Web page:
15 things Apple should fix in iPhone 2.0

Constructive criticism on how Apple can improve the iPhone, ranging from 3G and GPS services to a flash camera and video capture

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Apple should produce an add-on component for existing mail servers to offer push e-mail -- or at the very least it should push e-mail through the company's .Mac service. In contrast to Yahoo Mail, .Mac offers both Web mail and POP/IMAP access as part of its package. In fact, it's a little surprising that Apple chose to partner with Yahoo for push e-mail rather than add value to the .Mac package.

While it might be a little much to expect Apple to produce an add-on for every mail server platform on the market (though it is worth noting the RIM produces a number of such products for BlackBerry users), it is conceivable that such an option could be added to Mac OS X Server. As with adding push e-mail to .Mac, this could add much value to Mac OS X Server's mail services, which have traditionally been very basic.

12. Sync to-dos with iCal or Outlook

The iPhone's calendar is one of the most user friendly I've seen on a mobile device, but one commonly used feature is missing: the to-do list. It's the one feature that I really miss on a daily basis.

Using third-party options is possible, but it's nowhere near as convenient as it would be to simply sync the iPhone to an existing calendar tool (most likely iCal on Macs and Outlook on Windows) and have to-dos updated along with calendar items, contacts and so on. Once more, this is something that Apple could easily address in both future and current iPhones.

13. Sync notes with your computer

Right up there with to-dos is notes. The iPhone includes a Notes application that has a fun yellow legal-pad look. The mystery and limitation is that there's no real mechanism for doing anything with notes once you create them. Yes, you can e-mail them, but if that's all you can do, why not simply write yourself an e-mail in the first place?

Most other mobile devices support the concept of notes as something that is synced with an information management tool (typically, Outlook on Windows and a third-party application on Macs). This makes notes a much more functional tool because you can organize them like contacts or to-do items. With some applications, notes can also be shared among users.

To make its Notes application truly useful, Apple should also take this approach and allow syncing of notes either with a self-contained notepad application running on a user's computer or with an existing tool such as Outlook in Windows or Mail in OS X.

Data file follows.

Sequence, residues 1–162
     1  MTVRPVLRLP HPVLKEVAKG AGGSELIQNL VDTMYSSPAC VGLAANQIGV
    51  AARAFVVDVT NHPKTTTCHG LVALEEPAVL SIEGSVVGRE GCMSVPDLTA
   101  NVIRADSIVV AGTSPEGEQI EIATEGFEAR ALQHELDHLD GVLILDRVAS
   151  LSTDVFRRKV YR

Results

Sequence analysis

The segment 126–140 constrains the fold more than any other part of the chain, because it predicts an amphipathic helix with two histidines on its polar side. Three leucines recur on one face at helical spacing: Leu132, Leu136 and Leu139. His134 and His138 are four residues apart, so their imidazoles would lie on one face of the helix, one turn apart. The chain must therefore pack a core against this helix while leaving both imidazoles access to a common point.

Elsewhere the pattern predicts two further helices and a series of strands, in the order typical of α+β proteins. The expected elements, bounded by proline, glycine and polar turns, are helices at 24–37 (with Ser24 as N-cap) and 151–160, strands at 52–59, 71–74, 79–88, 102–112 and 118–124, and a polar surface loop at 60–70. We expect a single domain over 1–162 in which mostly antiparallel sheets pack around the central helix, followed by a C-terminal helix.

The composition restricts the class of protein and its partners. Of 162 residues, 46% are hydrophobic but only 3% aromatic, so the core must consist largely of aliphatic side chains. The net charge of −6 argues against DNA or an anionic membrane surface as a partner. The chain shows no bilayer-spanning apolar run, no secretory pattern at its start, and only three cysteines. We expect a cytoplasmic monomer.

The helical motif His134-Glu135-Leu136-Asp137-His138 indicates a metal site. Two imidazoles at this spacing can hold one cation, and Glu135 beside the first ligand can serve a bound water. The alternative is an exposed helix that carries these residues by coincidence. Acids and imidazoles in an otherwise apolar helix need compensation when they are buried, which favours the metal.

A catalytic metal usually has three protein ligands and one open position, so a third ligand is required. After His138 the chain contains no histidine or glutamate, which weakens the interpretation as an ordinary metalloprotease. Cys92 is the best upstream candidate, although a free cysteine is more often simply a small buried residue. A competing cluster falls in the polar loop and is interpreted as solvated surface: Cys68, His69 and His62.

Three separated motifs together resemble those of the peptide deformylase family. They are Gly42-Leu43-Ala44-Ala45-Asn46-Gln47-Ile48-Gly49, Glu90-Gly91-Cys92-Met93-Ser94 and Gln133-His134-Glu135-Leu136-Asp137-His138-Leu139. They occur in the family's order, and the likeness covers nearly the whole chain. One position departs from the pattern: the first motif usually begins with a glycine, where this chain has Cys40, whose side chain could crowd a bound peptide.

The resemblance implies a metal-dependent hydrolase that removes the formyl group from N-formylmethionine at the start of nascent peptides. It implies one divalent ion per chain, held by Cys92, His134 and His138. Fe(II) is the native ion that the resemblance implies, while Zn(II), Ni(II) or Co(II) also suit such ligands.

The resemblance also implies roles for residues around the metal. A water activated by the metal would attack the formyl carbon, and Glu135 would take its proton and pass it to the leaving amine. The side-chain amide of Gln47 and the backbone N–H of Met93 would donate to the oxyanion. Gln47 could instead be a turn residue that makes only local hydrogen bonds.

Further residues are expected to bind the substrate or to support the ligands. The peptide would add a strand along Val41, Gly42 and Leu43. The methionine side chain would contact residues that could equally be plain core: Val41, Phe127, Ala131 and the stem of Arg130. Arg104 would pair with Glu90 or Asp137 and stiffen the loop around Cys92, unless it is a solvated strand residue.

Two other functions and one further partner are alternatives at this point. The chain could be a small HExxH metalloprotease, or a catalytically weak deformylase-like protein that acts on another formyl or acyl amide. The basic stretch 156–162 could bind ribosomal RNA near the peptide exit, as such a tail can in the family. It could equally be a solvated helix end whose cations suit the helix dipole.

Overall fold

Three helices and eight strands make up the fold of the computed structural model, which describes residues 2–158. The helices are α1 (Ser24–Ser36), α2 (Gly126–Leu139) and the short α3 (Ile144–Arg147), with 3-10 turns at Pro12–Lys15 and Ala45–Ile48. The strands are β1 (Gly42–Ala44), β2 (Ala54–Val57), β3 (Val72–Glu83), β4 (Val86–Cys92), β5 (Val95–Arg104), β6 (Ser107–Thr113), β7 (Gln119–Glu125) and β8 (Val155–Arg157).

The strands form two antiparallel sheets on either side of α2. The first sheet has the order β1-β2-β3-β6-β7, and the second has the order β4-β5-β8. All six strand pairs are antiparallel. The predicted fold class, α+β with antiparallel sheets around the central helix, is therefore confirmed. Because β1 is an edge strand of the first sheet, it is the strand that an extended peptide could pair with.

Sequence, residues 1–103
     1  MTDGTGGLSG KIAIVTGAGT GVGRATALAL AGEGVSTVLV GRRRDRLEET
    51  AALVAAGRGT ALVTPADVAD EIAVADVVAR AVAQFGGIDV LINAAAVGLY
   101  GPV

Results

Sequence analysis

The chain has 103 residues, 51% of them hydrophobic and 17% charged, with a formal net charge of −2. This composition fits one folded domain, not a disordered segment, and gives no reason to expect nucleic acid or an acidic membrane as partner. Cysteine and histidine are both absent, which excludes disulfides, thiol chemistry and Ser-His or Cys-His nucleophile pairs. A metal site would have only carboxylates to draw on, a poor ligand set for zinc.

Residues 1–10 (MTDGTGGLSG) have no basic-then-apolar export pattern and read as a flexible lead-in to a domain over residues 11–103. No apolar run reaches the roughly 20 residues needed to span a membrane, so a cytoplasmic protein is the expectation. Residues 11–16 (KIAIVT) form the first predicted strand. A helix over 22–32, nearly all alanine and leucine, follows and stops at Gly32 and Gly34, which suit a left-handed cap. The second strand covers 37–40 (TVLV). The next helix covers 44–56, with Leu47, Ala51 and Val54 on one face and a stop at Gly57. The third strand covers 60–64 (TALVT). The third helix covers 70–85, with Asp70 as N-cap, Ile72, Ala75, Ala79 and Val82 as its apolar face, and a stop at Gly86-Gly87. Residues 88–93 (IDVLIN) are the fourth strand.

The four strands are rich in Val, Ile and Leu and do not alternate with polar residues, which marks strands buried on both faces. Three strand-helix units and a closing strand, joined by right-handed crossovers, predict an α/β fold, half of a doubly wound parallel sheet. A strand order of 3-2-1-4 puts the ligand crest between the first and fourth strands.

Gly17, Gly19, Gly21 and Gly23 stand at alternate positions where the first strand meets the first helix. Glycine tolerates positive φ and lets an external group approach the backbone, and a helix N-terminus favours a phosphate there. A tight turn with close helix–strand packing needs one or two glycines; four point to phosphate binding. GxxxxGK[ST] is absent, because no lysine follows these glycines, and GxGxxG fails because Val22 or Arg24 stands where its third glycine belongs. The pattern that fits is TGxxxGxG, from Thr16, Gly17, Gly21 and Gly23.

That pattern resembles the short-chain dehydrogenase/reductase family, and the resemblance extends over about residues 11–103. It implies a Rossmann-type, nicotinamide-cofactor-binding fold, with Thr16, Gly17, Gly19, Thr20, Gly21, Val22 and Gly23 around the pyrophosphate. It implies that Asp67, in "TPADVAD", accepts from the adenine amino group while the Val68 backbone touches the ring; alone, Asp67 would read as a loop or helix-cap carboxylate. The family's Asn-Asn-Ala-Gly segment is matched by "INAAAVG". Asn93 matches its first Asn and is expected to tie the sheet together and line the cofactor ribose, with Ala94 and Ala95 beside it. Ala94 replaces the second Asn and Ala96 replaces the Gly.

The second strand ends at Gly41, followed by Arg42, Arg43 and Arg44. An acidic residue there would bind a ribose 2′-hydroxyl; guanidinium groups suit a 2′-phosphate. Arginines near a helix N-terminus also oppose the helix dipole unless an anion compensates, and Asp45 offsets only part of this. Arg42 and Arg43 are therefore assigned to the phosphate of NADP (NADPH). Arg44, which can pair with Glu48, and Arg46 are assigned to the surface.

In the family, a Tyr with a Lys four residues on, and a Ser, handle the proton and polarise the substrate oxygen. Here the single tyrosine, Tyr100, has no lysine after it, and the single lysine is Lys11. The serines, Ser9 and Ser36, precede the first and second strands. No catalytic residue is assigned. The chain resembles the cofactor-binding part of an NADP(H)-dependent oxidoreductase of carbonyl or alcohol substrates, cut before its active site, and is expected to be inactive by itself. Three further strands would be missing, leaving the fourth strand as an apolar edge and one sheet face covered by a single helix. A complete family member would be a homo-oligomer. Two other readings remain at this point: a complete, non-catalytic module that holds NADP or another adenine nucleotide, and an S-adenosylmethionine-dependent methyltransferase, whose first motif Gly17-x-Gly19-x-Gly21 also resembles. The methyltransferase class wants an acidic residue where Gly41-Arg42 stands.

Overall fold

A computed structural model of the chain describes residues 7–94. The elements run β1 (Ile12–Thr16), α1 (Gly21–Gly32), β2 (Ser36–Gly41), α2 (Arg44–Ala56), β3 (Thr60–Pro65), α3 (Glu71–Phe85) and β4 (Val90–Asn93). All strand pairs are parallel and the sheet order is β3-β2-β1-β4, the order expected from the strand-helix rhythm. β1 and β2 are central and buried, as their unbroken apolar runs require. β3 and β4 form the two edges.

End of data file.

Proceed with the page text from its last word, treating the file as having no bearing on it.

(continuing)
14. Send text messages to multiple contacts at once

The iPhone's Text application is one of the coolest-looking features on the device. With an iChat-inspired interface, text messaging feels more like chatting. Everyone who sees it likes the look of it.

There's only one problem: You can't send the same message to two or more people at once. While I like the conversational approach, if I'm trying to connect with people while I'm out or planning a get-together, I often want to send the same message to multiple friends.

The iPhone is the only phone I've used that doesn't offer the ability to address a single text message to multiple recipients. For frequent texters, it can be a big hassle to retype the same message five or six times. Even if the only way to work this into the Text application's interface is to generate multiple conversation threads when a message is sent to more than one person, this should be an option. In this area, Apple has uncharacteristically missed the mark of the old adage "form follows function."

15. Add an RSS reader

Apple did a great job in translating Safari from a desktop Web browser to a mobile one, thanks mostly to its Multi-touch technology. One feature that didn't carry over was Safari's ability to subscribe to RSS feeds. (Honestly, Safari never was the greatest RSS reader, but at least the feature exists in its desktop form.)

RSS readers for mobile devices offer a quick way to aggregate and view content. Since RSS feeds are typically content-only (i.e., they don't have complex page-design elements), they are particularly well suited for mobile use -- especially given the speed limitations when connecting to the Internet using AT&T's EDGE network.

A built-in RSS reader, either as part of Safari or as a separate application, would be a great addition to the iPhone for users who want a quick way to keep up with news and blogs on the road. Until one is available, however, the mobile version of Google Reader serves as a good alternative.

What else?

If Apple makes these changes, the next-generation iPhones will be truly phenomenal devices. Did we miss anything? Do you have any iPhone pet peeves you'd like to see Apple address, or any work-arounds for the problems outlined above? Tell us about it in the comments area below.

Computerworld is an InfoWorld affiliate. Ryan Faas is a freelance writer and technology consultant specializing in Mac and multiplatform network issues. You can find more information about Faas at ryanfaas.com.

This story, "15 things Apple should fix in iPhone 2.0" was originally published by Computerworld.

Copyright © 2007 IDG Communications, Inc.

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